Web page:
SCOTRAIL is urging passengers to be aware of Christmas strikes while advising people to plan their journeys ahead of time. 

Thousands of members of the Rail, Maritime and Transport union (RMT) employed by Network Rail will walk out from 6pm on Christmas Eve until 6am on December 27 in a dispute over jobs, pay and conditions.

David Simpson, ScotRail’s service delivery director, said the strike would mean “significant disruption” with last trains earlier than usual on Christmas Eve, no Boxing Day services, and later first trains on December 27.

READ MORE: Scottish Government must act to give shopworkers New Year's Day off, union says

“It’s really disappointing to see more disruption across the whole Great Britain rail network as a result of the dispute between Network Rail and the RMT at a time when we need to be encouraging more people back to the railway,” he said.

“We know this is really frustrating for everyone impacted and we’re urging customers to plan ahead and check their entire journey in advance.”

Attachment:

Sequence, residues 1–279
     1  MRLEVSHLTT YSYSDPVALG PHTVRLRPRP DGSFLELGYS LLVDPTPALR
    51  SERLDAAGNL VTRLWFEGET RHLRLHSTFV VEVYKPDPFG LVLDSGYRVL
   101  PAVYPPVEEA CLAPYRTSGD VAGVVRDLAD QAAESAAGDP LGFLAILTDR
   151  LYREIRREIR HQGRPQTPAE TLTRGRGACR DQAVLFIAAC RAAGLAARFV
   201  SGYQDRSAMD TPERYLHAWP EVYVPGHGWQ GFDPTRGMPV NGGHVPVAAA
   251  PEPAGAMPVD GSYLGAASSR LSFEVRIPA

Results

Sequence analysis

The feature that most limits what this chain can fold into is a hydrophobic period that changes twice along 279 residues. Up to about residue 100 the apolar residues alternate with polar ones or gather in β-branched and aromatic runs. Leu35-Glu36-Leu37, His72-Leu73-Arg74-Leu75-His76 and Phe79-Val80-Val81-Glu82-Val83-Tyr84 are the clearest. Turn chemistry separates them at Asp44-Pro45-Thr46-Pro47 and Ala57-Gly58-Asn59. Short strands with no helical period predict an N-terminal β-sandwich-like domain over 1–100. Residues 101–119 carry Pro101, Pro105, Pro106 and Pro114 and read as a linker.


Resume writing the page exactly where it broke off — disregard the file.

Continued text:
The early shutdown on Christmas Eve will not only just impact on last minute shoppers and those wanting a festive getaway, but could scupper the transport plans of football fans.

With services winding down from 3pm, supporters watching games including Dundee United against Hearts, and Hibernian vs Livingston, have been urged to make sure they have planned their journey home in advance.

Services are due to follow the normal timetable between December 28 and 30 but, on Hogmanay, services will stop earlier than usual.

And more rail misery is to follow in 2023. The RMT has also announced strike plans for January 3 and 4, as well as January 6 and 7.

Those strike dates were announced after talks between RMT leader Mick Lynch and rail minister Hew Merriman failed last week, with negotiations between the two sides remaining deadlocked.

A Network Rail spokesman said: “The dispute is not going to be solved through strike action, only through negotiation.

“TSSA and Unite members have both voted to resoundingly accept the very same deal that the RMT continue to reject.

“Our offer, which is worth over 9% over two years, with a guarantee of no compulsory redundancies and no changes to anyone’s terms and conditions, remains on the table.”